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Listening Skills: Daydreaming While Listening

March 16, 2012 by Dr. Jon Warner in Listening

Listening skills are a vital part of the oral communication process. As an active listener you learn to hear what people are really saying. Good listening requires energy – we hear the speaker, select information, interpret information and respond in just a few seconds. Of course, only information to which we pay attention can enter into our thinking and lead to understanding. But we often do not consciously pay attention. Instead, we take our cues from personalities, a person’s role, a person’s relationship to us, past knowledge of an issue, the specific occasion or circumstances. Our motives and attitudes can also influence our attention.

Another key factor in effective listening that can inhibit our efforts is to suspend all judgment about the person and about what they are talking about. The best way to go about this is as follows:

  • Acknowledge the other person’s thoughts and feelings. Ask questions to show your interest and give a reflective response to show that you understand how the speaker feels. By being open to the speaker’s ideas you become a source of support to the speaker rather than a source of anxiety. Talking candidly with others helps us get to know ourselves and helps others get to know us. We build rewarding relationships by communicating openly and fully with other people.
  • Don’t devalue the speaker’s ideas, problems, wants or concerns. Try not to mentally debate what is being said by the speaker and avoid passing judgment verbally or through your body language. Keep an open mind and avoid thinking mechanically. As a listener you need to understand your biases and keep them under control. You cannot expect others to listen to you if you dismiss or criticize their ideas and attitudes. Mutual respect helps to build good communication and good relationships. Show the speaker that you are truly listening.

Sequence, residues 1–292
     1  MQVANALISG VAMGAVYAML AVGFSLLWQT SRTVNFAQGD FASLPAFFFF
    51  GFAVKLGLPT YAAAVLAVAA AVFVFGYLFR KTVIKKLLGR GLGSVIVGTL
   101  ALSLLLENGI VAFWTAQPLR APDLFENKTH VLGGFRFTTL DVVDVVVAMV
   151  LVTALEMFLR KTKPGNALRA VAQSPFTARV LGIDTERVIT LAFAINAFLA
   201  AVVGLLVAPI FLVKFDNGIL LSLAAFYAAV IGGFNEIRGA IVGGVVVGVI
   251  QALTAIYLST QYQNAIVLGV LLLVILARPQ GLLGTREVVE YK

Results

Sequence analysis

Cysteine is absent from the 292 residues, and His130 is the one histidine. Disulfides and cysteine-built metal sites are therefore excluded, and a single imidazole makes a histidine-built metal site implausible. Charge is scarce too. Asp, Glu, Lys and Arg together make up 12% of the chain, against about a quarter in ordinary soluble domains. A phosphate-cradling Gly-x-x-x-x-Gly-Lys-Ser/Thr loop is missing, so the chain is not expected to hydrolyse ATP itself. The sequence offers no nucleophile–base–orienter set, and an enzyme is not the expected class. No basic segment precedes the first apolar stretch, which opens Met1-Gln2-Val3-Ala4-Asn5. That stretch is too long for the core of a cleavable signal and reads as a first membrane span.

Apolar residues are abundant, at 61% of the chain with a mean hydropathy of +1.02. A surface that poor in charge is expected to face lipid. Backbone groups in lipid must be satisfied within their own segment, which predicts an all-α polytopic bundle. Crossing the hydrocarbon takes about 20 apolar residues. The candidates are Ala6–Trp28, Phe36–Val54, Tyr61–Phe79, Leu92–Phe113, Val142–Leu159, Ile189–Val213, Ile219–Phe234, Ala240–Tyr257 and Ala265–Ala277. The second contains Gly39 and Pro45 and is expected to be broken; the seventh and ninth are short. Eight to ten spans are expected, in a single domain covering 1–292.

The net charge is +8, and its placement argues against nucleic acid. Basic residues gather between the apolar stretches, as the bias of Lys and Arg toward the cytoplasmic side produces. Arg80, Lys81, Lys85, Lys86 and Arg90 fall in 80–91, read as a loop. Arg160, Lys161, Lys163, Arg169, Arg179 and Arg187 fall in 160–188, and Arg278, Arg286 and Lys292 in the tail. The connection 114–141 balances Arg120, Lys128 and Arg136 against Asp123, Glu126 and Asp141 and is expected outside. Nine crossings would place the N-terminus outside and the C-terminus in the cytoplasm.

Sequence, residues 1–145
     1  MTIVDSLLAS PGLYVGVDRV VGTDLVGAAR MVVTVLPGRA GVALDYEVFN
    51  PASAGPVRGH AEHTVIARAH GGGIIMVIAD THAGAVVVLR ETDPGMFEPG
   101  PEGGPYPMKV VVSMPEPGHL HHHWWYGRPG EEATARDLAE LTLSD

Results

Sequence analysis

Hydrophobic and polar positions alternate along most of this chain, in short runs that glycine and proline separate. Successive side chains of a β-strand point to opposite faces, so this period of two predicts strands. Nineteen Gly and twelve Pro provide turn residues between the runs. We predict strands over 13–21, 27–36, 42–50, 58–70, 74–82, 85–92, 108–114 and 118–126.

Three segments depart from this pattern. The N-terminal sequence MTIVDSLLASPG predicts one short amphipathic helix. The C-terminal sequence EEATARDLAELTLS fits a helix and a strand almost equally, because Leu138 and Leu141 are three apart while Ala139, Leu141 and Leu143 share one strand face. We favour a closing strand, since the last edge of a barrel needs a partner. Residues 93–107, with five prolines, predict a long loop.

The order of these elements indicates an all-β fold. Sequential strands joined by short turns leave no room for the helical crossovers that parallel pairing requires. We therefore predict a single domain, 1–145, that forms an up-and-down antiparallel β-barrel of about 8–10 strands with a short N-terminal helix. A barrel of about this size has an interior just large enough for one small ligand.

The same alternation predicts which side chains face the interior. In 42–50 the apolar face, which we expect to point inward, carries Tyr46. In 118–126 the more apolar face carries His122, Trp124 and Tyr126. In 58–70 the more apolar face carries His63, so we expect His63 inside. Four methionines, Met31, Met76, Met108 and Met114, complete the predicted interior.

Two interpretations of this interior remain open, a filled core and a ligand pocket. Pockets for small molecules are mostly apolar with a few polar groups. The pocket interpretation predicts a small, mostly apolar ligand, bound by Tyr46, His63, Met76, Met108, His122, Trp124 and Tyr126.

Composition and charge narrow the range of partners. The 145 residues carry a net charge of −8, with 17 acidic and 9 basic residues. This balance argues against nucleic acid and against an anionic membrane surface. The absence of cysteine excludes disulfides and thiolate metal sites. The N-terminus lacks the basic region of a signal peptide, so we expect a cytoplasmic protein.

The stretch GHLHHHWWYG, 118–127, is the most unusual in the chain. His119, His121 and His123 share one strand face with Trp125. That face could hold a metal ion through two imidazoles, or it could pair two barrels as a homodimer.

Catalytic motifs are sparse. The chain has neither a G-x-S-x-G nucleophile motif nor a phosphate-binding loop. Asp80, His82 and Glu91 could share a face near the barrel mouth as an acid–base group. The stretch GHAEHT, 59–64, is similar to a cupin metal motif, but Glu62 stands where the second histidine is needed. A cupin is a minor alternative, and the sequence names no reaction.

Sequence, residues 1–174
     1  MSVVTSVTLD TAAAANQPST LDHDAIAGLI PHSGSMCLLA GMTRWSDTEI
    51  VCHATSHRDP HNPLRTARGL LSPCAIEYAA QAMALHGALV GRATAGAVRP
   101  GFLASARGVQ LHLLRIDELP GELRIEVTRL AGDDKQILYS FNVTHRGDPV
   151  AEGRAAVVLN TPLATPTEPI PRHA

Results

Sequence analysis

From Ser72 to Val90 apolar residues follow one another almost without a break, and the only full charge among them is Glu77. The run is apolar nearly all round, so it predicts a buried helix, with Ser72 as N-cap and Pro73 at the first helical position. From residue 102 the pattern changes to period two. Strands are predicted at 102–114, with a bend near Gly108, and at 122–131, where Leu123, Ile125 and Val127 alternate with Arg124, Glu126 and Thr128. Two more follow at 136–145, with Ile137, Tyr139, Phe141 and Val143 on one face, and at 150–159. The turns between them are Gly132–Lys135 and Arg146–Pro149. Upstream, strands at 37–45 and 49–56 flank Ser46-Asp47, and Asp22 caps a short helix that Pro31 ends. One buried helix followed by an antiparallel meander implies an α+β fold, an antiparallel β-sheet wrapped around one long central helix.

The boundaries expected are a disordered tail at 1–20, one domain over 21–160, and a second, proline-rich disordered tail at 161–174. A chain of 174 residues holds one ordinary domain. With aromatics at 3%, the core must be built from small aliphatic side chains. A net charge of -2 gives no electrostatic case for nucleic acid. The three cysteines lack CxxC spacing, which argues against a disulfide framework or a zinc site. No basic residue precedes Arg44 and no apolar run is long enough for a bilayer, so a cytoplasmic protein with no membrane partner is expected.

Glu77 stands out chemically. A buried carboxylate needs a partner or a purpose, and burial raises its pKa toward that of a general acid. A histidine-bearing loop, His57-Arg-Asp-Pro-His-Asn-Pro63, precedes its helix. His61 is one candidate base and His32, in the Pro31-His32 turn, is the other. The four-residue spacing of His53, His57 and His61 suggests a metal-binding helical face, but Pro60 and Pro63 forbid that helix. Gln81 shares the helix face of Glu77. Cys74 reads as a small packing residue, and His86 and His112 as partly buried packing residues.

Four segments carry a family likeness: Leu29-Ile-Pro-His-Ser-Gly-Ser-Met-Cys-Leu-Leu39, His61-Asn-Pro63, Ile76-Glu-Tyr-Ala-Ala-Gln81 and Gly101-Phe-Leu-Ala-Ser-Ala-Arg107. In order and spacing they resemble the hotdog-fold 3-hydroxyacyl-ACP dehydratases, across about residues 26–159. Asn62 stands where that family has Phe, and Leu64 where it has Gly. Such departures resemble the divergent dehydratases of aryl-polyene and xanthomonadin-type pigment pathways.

• Avoid giving opinions, providing instructions, making suggestions, moralizing or criticizing; instead patiently allow the speaker to finish.
  • Listen to others in a way that you would like to be listened to. Give the speaker time to convey their message. Avoid giving opinions, solutions or an opposite point of view. If you do interrupt the speaker admit your bad habit, apologize and allow the speaker to continue, for example, “I’m sorry, I just interrupted you, please go on …”. Be patient with yourself and the speaker. Allow the speaker to finish before finally evaluating the message.
  • Remember that active listening is about receiving information accurately. Set aside your own ego, keep your emotions under control and focus on the message. Be careful to judge the message rather than the speaker.

It will of course be apparent that listening intently or with high levels of empathy is a skill that can only be developed over time and with lots of practice. In addition, we need to learn from each encounter that we have (particularly when we have not performed as well in listening to the other person as we might have done).

The featured video clip is drawn from the ReadyToManage, Rapid Skill Builder Listening Skills Video Vignette Set.

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About Dr. Jon Warner

Dr. Jon Warner is a prolific author, management consultant and executive coach with over 25 years experience. He has an MBA and a PhD in Organizational Psychology. Jon can be reached at

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About the Editor and Primary Author

Jon Warner

Jon Warner is an executive coach and management consultant and in the past has been a CEO in three very different companies. Read more

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